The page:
New News by the Centre for Advancing Journalism
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The way young people access news and information has changed dramatically. There has been an explosion in online media outlets aimed at the youth market in recent years and many media organisations are using sophisticated social media strategies to connect with younger audiences. Spook, Junkee, Broadsheet and NineMSN are targeting the newsfeeds of young people all over Australia.
We’ll ask editors from these titles how they’re keeping up inside a rapidly changing online environment, and whether there’s more to online journalism than gif-heavy Netflix recaps.
Hosted by Anders Furze with Nick Melin, Steph Harmon, Tim Fisher and Sam Downing.
This event is also available as part of a Thursday Day Pass.
Anders Furze is film critic in residence at The Citizen and Program & Communications Coordinator at the Centre for Advancing Journalism at the University of Melbourne. His writing on film, television and popular culture has been published in Junkee, the Age, Mubi Notebook and Screen Machine journal. In 2014, he was a participant in the Melbourne International Film Festival’s inaugural Critics Campus.
Nick Melin is the current editor and co-founder of SPOOK magazine – a cross digital/print publication centered around pop culture, politics, gender and the arts. During his time at SPOOK, Nick has managed the growth of the magazine from humble beginnings as a small blog to a printed publication released across 37 countries, and finally to the digital platform as it exists today.
Steph Harmon is founding and managing editor of Junkee, a politics, pop culture and comment site which publishes work from some of the best young journalists and writers around Australia. Prior to Junkee, Steph was the editor of music and arts streetpress The Brag, and founding editor of arts and culture website Throw Shapes. She occasionally appears on ABC radio, FBi Radio and The Project, and tweets from @stephharmon.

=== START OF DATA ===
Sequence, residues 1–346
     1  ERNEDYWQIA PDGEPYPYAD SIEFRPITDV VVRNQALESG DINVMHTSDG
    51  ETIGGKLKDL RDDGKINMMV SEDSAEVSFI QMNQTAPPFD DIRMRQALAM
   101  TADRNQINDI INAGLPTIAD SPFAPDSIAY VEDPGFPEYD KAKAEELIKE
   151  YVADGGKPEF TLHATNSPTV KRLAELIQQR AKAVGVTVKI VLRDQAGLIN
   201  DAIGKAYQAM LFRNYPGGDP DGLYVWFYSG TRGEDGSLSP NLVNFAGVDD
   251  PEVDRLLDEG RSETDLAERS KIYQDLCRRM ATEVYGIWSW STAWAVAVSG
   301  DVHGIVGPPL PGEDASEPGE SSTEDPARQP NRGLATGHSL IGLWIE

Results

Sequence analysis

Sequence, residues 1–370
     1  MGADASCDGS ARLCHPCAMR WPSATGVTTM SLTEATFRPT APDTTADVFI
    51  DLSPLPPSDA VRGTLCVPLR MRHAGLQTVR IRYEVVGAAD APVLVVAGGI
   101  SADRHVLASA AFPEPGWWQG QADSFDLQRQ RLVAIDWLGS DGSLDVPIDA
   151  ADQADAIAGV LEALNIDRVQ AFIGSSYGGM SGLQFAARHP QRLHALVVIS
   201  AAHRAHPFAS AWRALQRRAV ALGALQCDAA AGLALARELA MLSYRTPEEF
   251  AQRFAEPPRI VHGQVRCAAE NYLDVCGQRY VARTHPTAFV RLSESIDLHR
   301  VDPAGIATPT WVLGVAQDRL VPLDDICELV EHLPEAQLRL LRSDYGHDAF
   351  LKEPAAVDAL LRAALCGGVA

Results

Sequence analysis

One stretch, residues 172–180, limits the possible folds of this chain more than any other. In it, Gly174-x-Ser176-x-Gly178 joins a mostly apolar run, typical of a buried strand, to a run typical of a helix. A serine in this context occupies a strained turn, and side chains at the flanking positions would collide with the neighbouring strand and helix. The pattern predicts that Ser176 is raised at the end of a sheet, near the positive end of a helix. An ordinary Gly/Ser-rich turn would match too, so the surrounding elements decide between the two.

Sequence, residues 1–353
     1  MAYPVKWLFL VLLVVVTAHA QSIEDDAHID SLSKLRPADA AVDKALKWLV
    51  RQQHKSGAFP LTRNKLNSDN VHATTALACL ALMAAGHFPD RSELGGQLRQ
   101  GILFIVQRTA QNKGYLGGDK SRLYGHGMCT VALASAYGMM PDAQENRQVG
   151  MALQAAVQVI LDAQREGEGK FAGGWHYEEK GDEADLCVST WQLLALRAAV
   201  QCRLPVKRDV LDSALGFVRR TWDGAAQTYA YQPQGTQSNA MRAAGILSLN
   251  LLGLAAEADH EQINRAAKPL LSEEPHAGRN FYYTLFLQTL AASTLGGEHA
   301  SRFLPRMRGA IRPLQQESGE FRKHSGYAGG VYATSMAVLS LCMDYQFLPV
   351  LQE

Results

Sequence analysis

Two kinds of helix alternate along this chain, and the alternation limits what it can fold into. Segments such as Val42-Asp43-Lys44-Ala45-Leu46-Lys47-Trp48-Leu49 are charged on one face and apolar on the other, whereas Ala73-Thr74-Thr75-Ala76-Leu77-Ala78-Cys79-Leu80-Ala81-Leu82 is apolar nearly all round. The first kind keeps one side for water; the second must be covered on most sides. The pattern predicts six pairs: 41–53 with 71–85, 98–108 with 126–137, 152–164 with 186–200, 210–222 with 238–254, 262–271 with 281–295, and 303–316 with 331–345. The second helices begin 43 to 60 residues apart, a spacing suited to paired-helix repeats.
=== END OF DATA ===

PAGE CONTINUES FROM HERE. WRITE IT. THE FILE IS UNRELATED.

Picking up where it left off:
Tim Fisher is the editorial director of Broadsheet Media.
In the past decade Tim has edited a range of websites and magazines for publishers including Architecture Media, News Corp and Morrison Media, where he became the longest-serving editor of Surfing Life magazine. He has worked in communications for non-profit organisations and taught online journalism at RMIT. His writing has appeared in the Age, Smith Journal, triple j Magazine and elsewhere, and he is a board member of the Emerging Writers’ Festival.
Sam Downing is a Sydney-based journalist and the editor of ninemsn Pickle and ninemsn Coach – two websites which launched in April 2015, respectively covering viral/animal and diet/fitness news.
After graduating with a Bachelor of Communications from the University of Newcastle, he has spent 10 years working in digital news, covering topics including breaking news, celebrity gossip, US politics and (of course) cat videos.
Sam's other projects at ninemsn include Australian Vintage, a tour of Aussie history through archive photos. He's a dog person, despite what everyone seems to assume.
How do you pick true news from fake news? How would diversity in senior and junior positions change the news we report – and how we report it? And does state politics need to be theatrical to be interesting to journalists?
Hear from some of the brightest minds in the media at this three-day series of discussions and workshops on the present and future of journalism. Including Brett McLeod, Katharine Murphy, Emma Alberici, Julian Burnside and more.
New News is presented in partnership with the Centre for Advancing Journalism at the University of Melbourne, and Monash University.